The biggest threats to reliable electricity supply are the ongoing thefts of electricity distribution infrastructure, vandalism and illegal connections. Throughout KwaZulu-Natal and other parts of South Africa, Eskom spends enormous amounts of time and money replacing equipment to restore electricity supply and tracking criminals responsible for disabling and stealing the utility’s cables and other infrastructure, which are mainly sold at scrapyards.oAccording to Eskom KwaZulu-Natal’s general manager, Monde Bala, electricity and infrastructure theft, vandalism, and illegal connections are among the biggest causes of unplanned power outages and have an impact on both the economy and society.
“When we experience an unplanned power outage due to infrastructure theft, criminals seem oblivious to the fact that they are putting many lives at risk,” said Bala.
“In some parts of the province, where some public institutions do not have electricity or power substitutes, a power cut can disable critical machinery and endanger the lives of people, especially the vulnerable ones. The same can be said for schools, where learning can be disrupted due to the lack of electricity.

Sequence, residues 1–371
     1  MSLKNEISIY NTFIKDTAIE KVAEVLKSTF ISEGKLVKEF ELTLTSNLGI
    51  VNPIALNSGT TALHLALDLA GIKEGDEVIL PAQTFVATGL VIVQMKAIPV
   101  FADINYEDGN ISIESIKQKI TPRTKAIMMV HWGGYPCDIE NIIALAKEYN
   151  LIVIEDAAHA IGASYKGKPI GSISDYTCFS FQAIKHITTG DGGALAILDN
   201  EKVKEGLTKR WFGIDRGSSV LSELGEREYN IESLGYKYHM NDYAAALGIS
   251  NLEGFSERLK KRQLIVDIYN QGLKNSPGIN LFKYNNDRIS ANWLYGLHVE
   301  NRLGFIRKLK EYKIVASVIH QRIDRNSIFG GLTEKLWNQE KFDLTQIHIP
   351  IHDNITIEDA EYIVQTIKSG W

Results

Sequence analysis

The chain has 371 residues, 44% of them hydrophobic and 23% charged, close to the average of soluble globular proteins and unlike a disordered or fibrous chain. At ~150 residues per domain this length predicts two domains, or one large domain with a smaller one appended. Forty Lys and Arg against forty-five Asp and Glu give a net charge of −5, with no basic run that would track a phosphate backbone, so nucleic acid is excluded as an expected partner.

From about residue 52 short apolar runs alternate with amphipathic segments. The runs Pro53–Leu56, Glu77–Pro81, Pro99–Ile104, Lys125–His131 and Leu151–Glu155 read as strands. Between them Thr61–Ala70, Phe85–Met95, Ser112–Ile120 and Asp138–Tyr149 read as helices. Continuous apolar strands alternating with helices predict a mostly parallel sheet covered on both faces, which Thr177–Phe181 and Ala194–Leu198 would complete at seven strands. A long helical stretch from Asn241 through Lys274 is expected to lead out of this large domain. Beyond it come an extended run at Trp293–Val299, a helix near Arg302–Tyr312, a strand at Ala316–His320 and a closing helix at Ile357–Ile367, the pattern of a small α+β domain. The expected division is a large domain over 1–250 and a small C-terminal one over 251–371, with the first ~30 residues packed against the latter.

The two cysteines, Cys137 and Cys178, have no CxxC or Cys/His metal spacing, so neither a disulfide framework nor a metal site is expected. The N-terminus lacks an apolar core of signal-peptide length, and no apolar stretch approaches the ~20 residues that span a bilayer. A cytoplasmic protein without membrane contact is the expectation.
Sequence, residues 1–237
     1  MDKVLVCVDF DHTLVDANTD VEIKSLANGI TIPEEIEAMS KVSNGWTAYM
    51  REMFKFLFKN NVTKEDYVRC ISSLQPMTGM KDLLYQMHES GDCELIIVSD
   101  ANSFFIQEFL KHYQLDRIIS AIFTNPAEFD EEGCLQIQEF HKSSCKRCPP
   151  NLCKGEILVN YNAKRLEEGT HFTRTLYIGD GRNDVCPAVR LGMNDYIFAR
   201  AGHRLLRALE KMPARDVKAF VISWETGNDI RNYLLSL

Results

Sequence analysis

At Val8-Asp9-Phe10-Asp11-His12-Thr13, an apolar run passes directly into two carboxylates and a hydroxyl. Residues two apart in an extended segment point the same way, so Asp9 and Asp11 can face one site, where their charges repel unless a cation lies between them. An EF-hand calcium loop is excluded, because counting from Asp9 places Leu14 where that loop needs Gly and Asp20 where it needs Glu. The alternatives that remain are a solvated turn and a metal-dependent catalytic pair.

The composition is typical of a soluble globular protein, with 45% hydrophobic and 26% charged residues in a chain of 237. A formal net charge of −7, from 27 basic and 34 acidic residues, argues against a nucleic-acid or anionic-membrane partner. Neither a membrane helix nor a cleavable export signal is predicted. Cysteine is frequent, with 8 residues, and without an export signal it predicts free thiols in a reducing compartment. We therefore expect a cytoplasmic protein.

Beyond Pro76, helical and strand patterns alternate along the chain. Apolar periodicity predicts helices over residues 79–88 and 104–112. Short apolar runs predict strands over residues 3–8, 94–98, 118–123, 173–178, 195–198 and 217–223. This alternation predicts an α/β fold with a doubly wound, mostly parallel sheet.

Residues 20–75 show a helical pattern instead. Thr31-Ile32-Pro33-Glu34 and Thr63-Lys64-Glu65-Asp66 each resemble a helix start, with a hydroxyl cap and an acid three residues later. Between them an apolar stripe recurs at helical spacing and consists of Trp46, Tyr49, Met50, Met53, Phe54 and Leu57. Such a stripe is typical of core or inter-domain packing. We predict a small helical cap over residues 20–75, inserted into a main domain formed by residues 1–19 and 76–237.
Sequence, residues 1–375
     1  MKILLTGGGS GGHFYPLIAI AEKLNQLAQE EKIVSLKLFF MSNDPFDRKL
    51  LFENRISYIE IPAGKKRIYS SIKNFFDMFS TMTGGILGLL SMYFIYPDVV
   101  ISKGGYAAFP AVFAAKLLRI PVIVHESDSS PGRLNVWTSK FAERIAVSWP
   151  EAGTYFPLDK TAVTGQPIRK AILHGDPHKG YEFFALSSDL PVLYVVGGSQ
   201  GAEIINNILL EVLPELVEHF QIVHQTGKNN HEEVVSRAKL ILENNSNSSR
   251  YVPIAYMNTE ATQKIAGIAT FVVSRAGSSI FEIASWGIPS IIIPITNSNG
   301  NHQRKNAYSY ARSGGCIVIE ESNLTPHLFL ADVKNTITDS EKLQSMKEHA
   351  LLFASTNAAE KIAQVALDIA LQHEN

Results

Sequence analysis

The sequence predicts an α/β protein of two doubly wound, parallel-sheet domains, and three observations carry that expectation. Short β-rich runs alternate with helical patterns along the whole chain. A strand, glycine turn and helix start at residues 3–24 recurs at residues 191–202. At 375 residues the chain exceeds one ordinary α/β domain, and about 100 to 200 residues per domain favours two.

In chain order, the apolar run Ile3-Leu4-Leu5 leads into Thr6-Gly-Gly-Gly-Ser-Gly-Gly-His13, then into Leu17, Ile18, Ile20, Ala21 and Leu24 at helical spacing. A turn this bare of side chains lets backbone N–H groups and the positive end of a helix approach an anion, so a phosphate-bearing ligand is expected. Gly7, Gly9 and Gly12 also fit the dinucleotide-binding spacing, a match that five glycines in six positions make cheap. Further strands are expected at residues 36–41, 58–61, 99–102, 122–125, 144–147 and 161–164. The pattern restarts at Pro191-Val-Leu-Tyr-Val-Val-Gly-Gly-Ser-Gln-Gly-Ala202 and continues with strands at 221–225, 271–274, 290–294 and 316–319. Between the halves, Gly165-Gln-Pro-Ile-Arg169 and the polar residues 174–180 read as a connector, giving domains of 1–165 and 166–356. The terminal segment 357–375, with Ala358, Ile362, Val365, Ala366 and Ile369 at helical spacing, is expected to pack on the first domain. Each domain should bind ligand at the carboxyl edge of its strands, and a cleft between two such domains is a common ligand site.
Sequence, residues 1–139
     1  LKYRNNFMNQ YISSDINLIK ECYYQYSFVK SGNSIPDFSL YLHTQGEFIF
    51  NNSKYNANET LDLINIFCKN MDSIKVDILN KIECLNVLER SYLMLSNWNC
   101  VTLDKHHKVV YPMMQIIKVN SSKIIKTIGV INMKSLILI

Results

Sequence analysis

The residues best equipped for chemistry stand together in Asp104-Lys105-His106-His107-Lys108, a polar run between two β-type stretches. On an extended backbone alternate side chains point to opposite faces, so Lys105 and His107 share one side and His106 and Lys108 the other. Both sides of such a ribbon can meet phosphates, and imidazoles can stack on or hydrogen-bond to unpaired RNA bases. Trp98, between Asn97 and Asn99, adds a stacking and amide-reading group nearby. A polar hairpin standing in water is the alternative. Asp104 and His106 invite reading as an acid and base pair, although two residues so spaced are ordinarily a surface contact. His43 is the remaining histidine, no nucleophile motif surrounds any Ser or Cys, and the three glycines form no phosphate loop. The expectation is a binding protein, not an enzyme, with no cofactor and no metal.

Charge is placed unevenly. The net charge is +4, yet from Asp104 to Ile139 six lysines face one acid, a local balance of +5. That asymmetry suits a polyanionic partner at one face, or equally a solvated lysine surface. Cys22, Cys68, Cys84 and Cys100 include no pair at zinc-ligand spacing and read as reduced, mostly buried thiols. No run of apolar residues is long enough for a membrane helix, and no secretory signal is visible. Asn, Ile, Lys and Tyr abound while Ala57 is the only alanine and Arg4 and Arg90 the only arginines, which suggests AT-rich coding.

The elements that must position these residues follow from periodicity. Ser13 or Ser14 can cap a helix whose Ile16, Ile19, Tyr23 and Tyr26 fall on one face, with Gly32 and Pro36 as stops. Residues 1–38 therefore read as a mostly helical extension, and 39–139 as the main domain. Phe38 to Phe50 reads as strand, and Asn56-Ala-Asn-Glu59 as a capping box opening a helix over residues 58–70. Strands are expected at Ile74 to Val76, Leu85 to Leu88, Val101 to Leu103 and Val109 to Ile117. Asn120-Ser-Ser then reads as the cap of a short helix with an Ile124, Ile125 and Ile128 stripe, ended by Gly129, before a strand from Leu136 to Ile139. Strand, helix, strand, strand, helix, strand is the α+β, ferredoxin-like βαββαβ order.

Furthermore, productivity in businesses comes to a grinding halt when there is cable theft and ultimately, jobs are put at risk. These ripple effects are not just experienced by Eskom, but the country also loses a lot of investors and large amounts of money and production due to electricity infrastructure theft and illegal connections,” he said.
From the infrastructure crime reports that Eskom has, the hot-spot provinces are Mpumalanga, Gauteng, Western Cape and KwaZulu-Natal, and the country needs to come together to fight the problem.
It is not just an Eskom problem, but a national challenge. Other organisations, such as municipalities, PRASA, metros and others, are facing the same problem. “We are working closely with the law enforcement agencies and other stakeholders to fight the problem as a collective,” said Bala.
incidents of theft have reduced from 7 107 to 5 153 in the past five years. [Southcost Herald]